Japanese Tea Ceremony: Bringing Family and Friends Together
How about entertaining your guests creatively with an ancient tea ritual? With its roots in Buddhism, Japanese tea ceremony involves far more than a tea party among friends. It is closer to a spiritual experience. The host strives to create the perfect atmosphere for his or her guests, called “wa-kei-sei-jaku” in Japanese, or “Harmony, Reverence, Purity, and Tranquility.” Therefore, the host must give extreme care to all details – the surrounding gardens, the paper walls of the teahouse, the stepping stone path leading to the tearoom, and of course, the tea set itself. On our own side of the pond, we may not have the Zen rock gardens or paper wall panels, but that doesn’t mean we can’t appreciate the details of a beautiful tea ceremony.
Since tea gained prominence in Japanese society and the mores of this tea ceremony tradition developed, artists strove to perfect the tea set, and so all over Japan, different localities have developed their own unique styles of teapots – different colors and designs, unusual handles, and distinctive embellishments have become trademarks of different regions. Whatever your taste, Japanese artists have created a nearly endless variety of tea set styles to choose from.
Like Japanese tea sets, the primary focus of Japanese tea ceremony is beauty. Guests and host alike sip their tea while commenting on the beauty of the season. Tea ceremony is often accompanied by admiring flower blossoms or other seasonal fauna. A purist holding a Japanese tea ceremony will invite his or her guests to a space free from distractions, where all can sit and appreciate nature’s beauty, so the ceremony may be held outdoors in the garden, or a dining room adorned with fresh flower arrangements and floral prints. The table can also include pieces of seasonal foliage, but most importantly, the most attractive side of the teacup must face the inside of the table. Hosts often customize their table settings, picking specific teacups for particular guests.
Once guests arrive and the tea has brewed, pour the tea for the guest on right first, and then continue around until all are served, making sure to serve your self last. Pick up the cup with your right hand, but then move it to your left hand, keeping your right hand on the rim of the cup – don’t forget to bow your head to express gratitude for the guests’ presence! As a guest, make sure to rotate the most attractive side of the cup towards yourself and appreciate its beauty – after all, the host picked that cup especially for you. Sip your tea, compliment its flavor, and once finished, wipe the rim with your right thumb and forefinger, but make sure never to set down a half-drunk cup of tea – doing so implies the tea doesn’t taste good, and so may be insulting to your host!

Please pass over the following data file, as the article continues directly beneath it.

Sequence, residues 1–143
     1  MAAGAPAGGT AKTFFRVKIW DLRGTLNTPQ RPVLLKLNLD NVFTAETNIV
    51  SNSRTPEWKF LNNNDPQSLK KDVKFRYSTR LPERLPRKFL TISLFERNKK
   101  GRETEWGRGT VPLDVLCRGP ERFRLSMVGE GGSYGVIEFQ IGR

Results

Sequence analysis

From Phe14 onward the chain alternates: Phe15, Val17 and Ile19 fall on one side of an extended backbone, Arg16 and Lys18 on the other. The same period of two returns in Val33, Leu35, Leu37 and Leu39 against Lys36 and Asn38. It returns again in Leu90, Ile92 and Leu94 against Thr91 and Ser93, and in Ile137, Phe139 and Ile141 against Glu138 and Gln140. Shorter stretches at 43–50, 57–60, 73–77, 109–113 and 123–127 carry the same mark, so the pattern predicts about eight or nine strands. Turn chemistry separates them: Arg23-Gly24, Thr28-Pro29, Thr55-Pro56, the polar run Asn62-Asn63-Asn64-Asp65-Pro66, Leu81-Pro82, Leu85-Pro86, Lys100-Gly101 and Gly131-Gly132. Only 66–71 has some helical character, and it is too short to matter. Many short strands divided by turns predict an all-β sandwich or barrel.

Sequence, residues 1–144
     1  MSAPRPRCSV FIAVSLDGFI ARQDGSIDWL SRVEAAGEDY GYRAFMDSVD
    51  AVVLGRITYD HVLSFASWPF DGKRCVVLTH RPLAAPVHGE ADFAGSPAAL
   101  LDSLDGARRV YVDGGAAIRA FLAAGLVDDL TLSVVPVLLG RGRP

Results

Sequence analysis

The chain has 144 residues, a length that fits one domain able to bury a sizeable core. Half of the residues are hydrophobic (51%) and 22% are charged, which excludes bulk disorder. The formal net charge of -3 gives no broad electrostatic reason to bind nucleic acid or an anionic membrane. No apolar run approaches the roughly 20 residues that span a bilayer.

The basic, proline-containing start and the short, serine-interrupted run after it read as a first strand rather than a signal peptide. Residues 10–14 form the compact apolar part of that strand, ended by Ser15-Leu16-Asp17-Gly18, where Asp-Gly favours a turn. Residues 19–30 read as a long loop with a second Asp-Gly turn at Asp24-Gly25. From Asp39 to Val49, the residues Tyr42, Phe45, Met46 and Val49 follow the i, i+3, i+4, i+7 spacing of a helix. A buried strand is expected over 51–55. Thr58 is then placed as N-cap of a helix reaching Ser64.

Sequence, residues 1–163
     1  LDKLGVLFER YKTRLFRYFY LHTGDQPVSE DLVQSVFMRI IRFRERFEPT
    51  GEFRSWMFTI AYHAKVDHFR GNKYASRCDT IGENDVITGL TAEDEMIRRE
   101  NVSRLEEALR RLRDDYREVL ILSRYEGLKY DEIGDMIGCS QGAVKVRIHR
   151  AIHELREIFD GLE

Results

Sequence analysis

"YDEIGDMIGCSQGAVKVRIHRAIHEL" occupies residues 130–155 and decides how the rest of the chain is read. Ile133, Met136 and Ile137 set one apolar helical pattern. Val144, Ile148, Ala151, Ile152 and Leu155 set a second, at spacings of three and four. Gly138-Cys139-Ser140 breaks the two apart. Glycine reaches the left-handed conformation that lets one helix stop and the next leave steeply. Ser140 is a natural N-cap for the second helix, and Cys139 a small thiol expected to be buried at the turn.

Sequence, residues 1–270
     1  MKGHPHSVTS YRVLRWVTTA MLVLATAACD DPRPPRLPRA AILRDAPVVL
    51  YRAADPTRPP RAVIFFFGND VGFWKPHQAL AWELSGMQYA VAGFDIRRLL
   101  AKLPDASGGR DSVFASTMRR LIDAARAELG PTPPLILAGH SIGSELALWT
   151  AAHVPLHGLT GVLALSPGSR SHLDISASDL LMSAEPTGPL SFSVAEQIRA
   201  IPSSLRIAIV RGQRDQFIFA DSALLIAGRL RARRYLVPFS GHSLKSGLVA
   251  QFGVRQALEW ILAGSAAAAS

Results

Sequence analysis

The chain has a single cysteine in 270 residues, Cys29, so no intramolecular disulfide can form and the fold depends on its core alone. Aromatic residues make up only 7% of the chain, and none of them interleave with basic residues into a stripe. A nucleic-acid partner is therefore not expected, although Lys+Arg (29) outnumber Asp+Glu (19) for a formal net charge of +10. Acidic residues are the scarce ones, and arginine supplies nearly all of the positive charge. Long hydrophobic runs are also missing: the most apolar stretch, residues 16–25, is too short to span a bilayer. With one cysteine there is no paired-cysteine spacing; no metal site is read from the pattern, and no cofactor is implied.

Of course, your own tea ceremony doesn’t have to be so formal. Modify the ceremony as you see fit, but remember that at its roots, the tea ceremony is a celebration of beauty, especially natural beauty. Make sure to compliment your host on the quality of the tea, the beauty of her home’s décor, and of course comment on the loveliness of the season.
The following video demonstrates traditional Japanese tea ceremony practice:
Whether you’re looking to quench a spiritual thirst in the Buddhist tradition, decorate your home with the adornments of a distinct piece of art, or hold an Asian-inspired tea party for friends, there are tea sets galore to complement your purpose. Japanese and Chinese tea sets range considerably in price and condition. A collectible or antique set may cost in the hundreds of dollars, whereas a newly made set or the work of a relatively unknown artisan may only run you fifty dollars. If you’re in the market for a genuine antique, a professional tea set appraiser would definitely be recommended, but for the rest of us, a decorative tea set for the home can easily be purchased in stores like Teavana, or from online vendors as well.
Whichever style tea set or ceremony you settle on, keep the roots of Japanese tea ceremony in mind while entertaining your guests. As the Japanese tea philosophy says, “We only have one chance to enjoy this present moment. Let’s do our best.” Whatever the price or style, a lovely Japanese tea set can bring beauty to any gathering of friends.
The following tea sets offer a variety of different styles for beautiful and quality, if not collectible pieces: